It’s about equity. Strong school libraries help give our students the best chance to succeed says Dr. Doug Achterman in “Haves, Halves and Have-Nots: School Libraries and Student Achievement.”
California schools are making their lists of where to cut, so they can give the legally required pink slips so employees know their positions might be eliminated. March 15 is Pink Slip Day for many schools. Teacher Librarians (and music, reading, special ed, sports, and other at-risk teachers, administrators, and employees) are making their cases for keeping themselves on the payroll. It is a sad and desperate time. Doug's doctoral research and handy one-page document is timely. Below is Doug's findings:
California’s School Libraries Make a Difference
California public schools with strong school library programs outperform those without such programs on the state’s STAR tests. This is true regardless of the school community’s parent education and poverty levels, ethnicity, and percentage of English language learners. Increases in the following library program elements correspond to increased STAR test scores at the elementary, middle school and high school levels:
· Total hours library open
· Total technology available through the library
· Total services provided by library staff
· Offering a program of curriculum-integrated information literacy instruction
· Informally instructing students in the use of resources
· Providing teachers with information about new resources
· Providing reference assistance to students and teachers
A strong school library program is one that provides
· A full-time teacher librarian and a full time paraprofessional.
· A robust, up-to-date collection of digital, print and media resources with a budget to support it.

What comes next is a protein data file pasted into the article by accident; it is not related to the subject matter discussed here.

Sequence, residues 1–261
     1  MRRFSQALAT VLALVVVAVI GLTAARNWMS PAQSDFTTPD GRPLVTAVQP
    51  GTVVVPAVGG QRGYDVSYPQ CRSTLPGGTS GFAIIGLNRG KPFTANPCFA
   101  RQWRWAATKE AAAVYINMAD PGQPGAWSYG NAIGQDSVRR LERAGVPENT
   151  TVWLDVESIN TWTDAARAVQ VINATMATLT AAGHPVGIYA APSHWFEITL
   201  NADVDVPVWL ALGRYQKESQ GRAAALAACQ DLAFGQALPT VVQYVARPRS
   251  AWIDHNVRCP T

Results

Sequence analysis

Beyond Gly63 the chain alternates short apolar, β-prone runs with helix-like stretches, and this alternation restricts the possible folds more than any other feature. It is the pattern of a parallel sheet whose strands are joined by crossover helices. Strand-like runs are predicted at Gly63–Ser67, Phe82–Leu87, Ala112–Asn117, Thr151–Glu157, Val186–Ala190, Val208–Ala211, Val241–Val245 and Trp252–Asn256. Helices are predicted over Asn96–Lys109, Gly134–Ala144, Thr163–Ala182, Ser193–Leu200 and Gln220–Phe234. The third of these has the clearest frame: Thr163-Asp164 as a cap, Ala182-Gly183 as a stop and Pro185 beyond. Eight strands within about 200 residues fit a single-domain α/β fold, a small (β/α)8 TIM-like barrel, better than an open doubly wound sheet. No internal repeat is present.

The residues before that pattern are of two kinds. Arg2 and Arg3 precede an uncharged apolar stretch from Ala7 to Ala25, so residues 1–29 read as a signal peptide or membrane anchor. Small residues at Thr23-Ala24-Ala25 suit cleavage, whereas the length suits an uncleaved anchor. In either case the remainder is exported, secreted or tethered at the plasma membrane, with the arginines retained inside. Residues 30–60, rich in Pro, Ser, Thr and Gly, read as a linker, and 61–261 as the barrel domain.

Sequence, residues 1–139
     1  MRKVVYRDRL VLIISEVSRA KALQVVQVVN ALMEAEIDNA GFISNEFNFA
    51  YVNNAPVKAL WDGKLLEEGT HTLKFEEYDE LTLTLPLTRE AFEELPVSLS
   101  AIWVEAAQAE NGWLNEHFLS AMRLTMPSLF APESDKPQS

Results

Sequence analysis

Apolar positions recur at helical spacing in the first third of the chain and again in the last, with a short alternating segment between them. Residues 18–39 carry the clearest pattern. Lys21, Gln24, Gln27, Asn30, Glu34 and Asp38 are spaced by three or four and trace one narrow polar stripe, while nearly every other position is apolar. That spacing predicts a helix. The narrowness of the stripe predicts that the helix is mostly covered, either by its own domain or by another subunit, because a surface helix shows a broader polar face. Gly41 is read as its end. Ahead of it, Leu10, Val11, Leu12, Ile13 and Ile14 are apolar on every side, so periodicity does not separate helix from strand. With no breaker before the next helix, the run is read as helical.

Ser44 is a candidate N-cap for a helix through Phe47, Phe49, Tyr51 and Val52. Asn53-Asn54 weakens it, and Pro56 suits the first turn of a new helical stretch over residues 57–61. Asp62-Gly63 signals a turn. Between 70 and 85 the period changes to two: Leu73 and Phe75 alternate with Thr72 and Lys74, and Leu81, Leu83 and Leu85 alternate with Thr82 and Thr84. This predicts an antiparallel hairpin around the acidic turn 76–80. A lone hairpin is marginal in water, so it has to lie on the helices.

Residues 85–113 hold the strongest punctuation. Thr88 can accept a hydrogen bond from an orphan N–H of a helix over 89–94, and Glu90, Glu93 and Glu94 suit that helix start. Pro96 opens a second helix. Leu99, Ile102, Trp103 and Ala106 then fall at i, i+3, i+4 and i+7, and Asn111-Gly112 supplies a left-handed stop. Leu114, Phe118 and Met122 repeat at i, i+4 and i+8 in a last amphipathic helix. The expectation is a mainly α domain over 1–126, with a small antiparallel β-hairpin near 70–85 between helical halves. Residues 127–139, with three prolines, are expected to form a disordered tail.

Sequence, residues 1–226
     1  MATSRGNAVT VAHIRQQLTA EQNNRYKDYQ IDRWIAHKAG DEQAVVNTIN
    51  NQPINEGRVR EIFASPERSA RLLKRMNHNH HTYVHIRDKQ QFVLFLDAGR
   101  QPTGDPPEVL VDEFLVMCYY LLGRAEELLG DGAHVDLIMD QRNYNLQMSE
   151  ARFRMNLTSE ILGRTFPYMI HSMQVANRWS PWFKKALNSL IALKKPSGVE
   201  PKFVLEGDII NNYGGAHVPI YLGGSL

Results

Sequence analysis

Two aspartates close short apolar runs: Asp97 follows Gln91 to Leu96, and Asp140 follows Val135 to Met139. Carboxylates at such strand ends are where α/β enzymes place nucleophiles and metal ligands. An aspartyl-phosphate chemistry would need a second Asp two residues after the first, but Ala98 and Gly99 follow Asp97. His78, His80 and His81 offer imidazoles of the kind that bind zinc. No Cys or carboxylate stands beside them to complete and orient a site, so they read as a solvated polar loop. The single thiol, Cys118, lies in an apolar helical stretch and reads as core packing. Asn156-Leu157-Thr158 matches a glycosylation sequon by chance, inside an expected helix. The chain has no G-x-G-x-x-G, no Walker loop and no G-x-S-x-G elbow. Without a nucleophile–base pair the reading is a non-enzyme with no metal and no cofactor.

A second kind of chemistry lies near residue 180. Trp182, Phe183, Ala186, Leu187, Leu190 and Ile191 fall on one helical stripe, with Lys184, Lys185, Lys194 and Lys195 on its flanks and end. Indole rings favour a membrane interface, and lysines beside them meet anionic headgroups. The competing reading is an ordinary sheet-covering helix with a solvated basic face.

· Liberal access to the library’s facilities, technology, and resources.
Greater Staffing = Stronger Impact
Our research shows that the strongest relationship between school libraries and STAR test scores occurs at the high school level, which has, as a percentage, over 3 ½ times more fully-staffed libraries (a full-time teacher librarian and a full time clerk) than the middle schools, and over 25 times more fully staffed libraries than the elementary schools.
The school library program is a better predictor of scores on the high school English Language Arts STAR test than other school variables such as teacher experience and teacher salary. On the U.S. History test, the library program is a better predictor of scores than both school variables and community variables, including parent education, poverty, ethnicity, and percentage of English language learners.
Nearly every element of a high school library program positively correlates with STAR test scores, including all of the elements listed above, as well as
· Teacher librarian staffing levels
· Total staffing levels
· Collection size
In elementary, middle school and high school libraries, teacher librarian staffing and total staffing are strongly related to the level of services provided. What’s more, increases in library services are related to higher STAR test scores. Staffing is key in creating strong school libraries.
The bottom line? It’s about equity. Strong school libraries help give our students the best chance to succeed.
See Ph.D. dissertation by Doug Achterman, “Haves, Halves and Have-Nots: School Libraries and Student Achievement,” University of North Texas, December, 2008.